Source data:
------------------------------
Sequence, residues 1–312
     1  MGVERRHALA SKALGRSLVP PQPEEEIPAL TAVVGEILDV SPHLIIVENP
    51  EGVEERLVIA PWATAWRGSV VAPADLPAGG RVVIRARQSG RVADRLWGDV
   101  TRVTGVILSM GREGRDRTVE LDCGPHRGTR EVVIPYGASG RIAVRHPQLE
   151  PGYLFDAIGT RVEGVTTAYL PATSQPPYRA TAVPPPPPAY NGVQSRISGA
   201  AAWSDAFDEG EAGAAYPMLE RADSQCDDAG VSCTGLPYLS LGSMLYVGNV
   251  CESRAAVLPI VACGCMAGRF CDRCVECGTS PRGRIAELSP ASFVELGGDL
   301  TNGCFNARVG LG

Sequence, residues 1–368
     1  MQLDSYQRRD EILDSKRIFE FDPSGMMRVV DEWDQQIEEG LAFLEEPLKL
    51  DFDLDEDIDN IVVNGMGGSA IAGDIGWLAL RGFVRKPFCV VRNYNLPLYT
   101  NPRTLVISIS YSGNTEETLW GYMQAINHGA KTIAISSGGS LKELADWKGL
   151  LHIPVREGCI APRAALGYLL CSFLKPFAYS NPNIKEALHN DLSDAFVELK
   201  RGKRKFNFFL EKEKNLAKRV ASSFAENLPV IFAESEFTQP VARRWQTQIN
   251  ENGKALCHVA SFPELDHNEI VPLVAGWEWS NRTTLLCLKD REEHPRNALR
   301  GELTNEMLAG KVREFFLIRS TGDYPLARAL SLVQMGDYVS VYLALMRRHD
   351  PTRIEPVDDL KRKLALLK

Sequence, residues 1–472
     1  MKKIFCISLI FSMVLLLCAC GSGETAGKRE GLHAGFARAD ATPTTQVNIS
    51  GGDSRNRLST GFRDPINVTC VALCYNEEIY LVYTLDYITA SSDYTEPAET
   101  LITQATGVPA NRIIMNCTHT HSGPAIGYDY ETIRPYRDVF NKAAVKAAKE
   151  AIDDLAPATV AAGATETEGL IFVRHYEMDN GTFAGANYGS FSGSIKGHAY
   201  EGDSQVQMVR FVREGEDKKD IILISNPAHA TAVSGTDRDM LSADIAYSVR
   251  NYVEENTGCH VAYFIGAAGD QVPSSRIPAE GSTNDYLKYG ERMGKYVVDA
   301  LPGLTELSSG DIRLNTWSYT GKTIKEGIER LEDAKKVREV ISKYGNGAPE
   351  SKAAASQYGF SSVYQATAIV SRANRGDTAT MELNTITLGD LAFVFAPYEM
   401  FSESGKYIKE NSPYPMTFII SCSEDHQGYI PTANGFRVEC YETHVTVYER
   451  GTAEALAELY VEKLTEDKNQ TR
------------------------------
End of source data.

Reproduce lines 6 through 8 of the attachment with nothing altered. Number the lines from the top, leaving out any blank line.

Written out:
   201  AAWSDAFDEG EAGAAYPMLE RADSQCDDAG VSCTGLPYLS LGSMLYVGNV
   251  CESRAAVLPI VACGCMAGRF CDRCVECGTS PRGRIAELSP ASFVELGGDL
   301  TNGCFNARVG LG